Spring has sprung.
For me that means yard work, kayak floats, more fishing, outside bike rides, and some spring football games. Now, if you know me, you know I’m a football fan, who happens to live in a college town, where I own part of a sports media company. And like every college football program on the planet, Arkansas has a traditional Spring Game. But this year my biggest incentive to participate in the spring game wasn’t business driven or hobby based. It was my son’s fraternity hosting Dad’s Weekend during the spring game. And the fact that my son is a senior only added to the priority and fun.
The weekend was a blast and the game was what you would expect. It succeeded at getting everyone excited, opinionated and hungry about the upcoming season.
Now, just for a moment, picture the coach of your favorite team coming out of its Spring Game. It’s time for his postgame press conference. He sits down behind the microphone and begins…
“Got some big news for everybody about this year’s program. I’ve decided that we will not pass the ball at all this coming year. Not once. Only going to run it. Also, I’ve encouraged the players to forget about that ‘neutral zone’ nonsense. Stand wherever you would like, whenever you would like. Finally, I’ve always thought that 10 yards was a little excessive for a first down, so we are just going to aim for 5 yards this season. Any questions?”
Flashbulbs pop. Media members begin to write furiously, text madly, and tweet indiscriminately. Meanwhile, you struggle back to consciousness long enough to exclaim, “We’re going to get killed! He can’t win that way. Why would he go back to such old-fashioned tactics that don’t make any sense anymore? He isn’t playing by the right set of rules. This isn’t 1904! He isn’t even acknowledging the ways in which the game and players have changed.”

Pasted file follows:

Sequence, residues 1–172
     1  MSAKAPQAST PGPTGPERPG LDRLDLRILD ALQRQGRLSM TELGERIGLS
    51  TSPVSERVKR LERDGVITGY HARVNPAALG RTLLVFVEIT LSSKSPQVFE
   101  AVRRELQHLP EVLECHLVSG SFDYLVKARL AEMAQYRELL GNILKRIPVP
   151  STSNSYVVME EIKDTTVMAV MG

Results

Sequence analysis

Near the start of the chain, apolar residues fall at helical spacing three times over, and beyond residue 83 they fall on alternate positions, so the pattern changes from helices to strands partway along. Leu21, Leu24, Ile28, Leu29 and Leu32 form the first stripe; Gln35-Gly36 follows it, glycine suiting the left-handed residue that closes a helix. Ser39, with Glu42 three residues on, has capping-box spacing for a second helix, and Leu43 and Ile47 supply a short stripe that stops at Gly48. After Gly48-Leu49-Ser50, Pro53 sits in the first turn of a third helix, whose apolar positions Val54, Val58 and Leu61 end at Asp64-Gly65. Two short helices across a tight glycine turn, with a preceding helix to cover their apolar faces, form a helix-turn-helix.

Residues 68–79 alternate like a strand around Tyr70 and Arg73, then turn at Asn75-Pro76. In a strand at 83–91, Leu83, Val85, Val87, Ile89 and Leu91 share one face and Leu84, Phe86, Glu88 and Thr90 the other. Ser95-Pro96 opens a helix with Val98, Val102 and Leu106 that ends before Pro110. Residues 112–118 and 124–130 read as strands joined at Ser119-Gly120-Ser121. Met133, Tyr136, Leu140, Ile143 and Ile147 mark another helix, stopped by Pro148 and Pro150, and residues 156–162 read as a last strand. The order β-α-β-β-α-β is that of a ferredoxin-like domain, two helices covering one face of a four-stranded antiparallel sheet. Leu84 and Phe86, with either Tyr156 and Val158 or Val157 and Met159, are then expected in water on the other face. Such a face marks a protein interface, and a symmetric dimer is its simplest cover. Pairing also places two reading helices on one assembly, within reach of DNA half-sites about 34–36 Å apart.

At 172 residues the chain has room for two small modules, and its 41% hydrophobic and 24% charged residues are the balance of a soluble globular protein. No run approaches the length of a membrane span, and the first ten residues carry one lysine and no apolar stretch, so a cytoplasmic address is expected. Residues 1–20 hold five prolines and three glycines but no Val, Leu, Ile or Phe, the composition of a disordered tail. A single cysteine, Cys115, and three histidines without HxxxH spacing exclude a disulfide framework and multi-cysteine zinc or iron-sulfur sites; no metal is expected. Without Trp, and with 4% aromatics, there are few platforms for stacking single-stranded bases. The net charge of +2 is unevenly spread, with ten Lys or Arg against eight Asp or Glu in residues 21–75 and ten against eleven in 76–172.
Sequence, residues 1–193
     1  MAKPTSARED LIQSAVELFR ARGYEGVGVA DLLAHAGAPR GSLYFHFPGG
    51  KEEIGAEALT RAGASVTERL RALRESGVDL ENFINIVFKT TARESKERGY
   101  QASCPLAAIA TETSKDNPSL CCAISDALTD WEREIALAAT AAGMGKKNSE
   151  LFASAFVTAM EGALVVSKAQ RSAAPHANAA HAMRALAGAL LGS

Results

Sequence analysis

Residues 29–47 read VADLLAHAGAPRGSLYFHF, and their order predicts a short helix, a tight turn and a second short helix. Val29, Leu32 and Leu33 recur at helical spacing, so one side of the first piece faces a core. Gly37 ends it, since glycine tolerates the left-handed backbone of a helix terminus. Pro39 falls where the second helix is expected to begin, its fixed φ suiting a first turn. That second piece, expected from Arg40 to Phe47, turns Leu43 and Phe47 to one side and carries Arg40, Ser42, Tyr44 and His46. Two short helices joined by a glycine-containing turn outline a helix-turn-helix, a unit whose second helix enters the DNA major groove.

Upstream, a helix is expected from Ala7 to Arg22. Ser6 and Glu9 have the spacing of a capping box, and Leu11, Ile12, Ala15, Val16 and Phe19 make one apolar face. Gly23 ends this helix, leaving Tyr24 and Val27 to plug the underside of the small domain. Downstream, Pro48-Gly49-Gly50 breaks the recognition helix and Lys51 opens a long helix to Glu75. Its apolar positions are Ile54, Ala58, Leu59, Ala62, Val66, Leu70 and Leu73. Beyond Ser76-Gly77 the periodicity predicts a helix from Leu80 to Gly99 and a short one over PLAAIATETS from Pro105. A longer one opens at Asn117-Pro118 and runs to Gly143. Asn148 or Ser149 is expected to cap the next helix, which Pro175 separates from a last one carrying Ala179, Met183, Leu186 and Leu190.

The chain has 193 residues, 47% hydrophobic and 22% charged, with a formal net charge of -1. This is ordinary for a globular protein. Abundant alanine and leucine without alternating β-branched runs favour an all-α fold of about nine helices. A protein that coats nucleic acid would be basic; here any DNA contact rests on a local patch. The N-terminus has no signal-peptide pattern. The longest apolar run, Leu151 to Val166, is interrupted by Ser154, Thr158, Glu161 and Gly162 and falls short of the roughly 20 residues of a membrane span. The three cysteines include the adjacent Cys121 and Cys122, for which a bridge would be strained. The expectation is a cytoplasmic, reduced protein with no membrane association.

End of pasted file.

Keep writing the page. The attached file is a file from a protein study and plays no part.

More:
The Rules Have Changed
In order to have success in any setting, not just football, you have to know the rules and parameters of your context and you have to plan accordingly. As that context evolves, you have to take note and change as well. If you refuse to adjust to new realities, you’ll get left behind like a football coach who refuses to throw the ball.
Just as the strategy of football changed dramatically near the turn of the twentieth century with the advent of the forward pass and the neutral zone, the world of business strategy has experienced a seismic shift in recent years. The long-standing strategic model, which I call Strategy 2.0, has begun to falter in its effectiveness. Unable to address the current pace and realities of today’s marketplace, Strategy 2.0 has been stressed to its limits. Fortunately, in its place a new iteration, Strategy 3.0, has taken shape.
Unlike the methodical, slow-paced Strategy 2.0, the 3.0 framework is fast and agile. It calls for nimbleness, a tolerance for uncertainty, and the willingness to keep on trying until we get it right.
The New Rules of Strategy 3.0
In my book, Strategy 3.0, I take a detailed look at this new strategic framework and provide the rules and parameters necessary for success. In particular, I detail eight fundamental differences between Strategy 2.0 and 3.0, and I provide you with a new “Strategy Lexicon” to help you along your way. I also provide a blueprint to help leaders lead their organizations toward successful strategy development and implementation of those strategies.
Strategy 2.0 to 3.0
Here is a quick preview of the eight major contrasts between the two strategy paradigms.
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Steve is an organizational strategist, social innovator, pragmatic theologian, executive coach, and mentor. Over the past 25 years Steve has helped hundreds of organizations launch and scale, while authoring over 15 books aimed at showing business people how to flourish in their life and work.